Jason: Welcomed Paul Into His Home

What is more, Jason has welcomed them into his home. Every one of them does what is contrary to Caesar’s decrees by naming someone else as king: Jesus.”

Timothy my coworker says hello to you, and Lucius, Jason, and Sosipater, my relatives. 
-Acts 17:7, Romans 16:21

The man Jason was a Thessalonian.  Jason is the name that Hellenistic Jews used for Jesus or Joshua and it means "to heal", or "one who will heal".  The transliteration of Jason in Greek is Iason.  What we know about Jason, is that he welcomed Paul and Paul's coworkers into his house.  Jason took Paul's welfare under his responsibility.

Paul stayed with Jason for the three weeks while he was in Thessalonica.   The new church there would later receive the two letters that we have in the New Testament.  When a riot was stirred up by those who were upset by this new work, the rioters came looking for Paul and company at Jason's house.  Not finding Paul, the thugs dragged Jason and others before the city officials to accuse them.

Jason had to post bail to be released.  So, Jason not only housed and fed Paul, and gave him a secure place to sleep; but Jason also was dragged to court over God's work through Paul and had to pay bail to be released for something that was not his nor Paul's fault.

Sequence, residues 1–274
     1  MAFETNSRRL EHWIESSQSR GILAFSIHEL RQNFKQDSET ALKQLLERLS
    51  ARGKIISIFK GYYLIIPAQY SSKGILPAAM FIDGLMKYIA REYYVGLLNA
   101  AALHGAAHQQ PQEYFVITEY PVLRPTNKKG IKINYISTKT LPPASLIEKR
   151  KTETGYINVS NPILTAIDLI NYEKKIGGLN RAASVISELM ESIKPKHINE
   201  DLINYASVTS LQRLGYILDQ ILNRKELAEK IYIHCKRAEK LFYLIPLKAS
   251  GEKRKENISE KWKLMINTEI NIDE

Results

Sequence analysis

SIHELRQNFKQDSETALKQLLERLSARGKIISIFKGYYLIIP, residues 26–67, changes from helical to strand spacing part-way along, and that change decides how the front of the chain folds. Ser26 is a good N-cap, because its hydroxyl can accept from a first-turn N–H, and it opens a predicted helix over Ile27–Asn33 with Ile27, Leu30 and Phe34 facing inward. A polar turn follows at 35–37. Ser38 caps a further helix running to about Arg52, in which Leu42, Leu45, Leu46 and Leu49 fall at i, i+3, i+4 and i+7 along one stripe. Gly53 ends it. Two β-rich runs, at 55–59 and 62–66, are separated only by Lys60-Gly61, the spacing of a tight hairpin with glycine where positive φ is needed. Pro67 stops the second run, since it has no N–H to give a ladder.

Jason welcomed Paul and his associates into his home.  Jason became like a person of peace.  Jason gave Paul a base.  The gospel comes to it's hearers with power in the Holy Spirit (1 Thess. 1:5), but the people bringing it are human. 

When Jesus trained the first disciples in how to do missions trips, part of the plan or way was to find a person of peace, who would receive them (Luke 10:5-9).  Some examples are Cornelius (Acts 10), Lydia (Acts 16), the jailer (Acts 16), Aquila & Priscilla (Acts 18), Justus (Acts 18). A concise teaching on Persons of Peace, by Tom Wolf is here.


What Jason did for Paul was just like what Martha and Mary did for Jesus (Luke 10:38) at Jesus' favorite place, Bethany.  What Jason did for Paul was also like what Zaccheus did for Jesus, when he welcomed him into his home (Luke 19:6).  What Jason did for Paul was also like what Rahah did for the spies, whom she sheltered in her Jericho flat (James 2:25).

Without the hospitality given, we would not have any of these stories and the propulsion forward of the gospel or salvation history.  Missions, church growth, and apostolic & kingdom activity does not work without hospitality.  

Five to ten years later, Jason was probably with Paul in Corinth (Romans 16:21).

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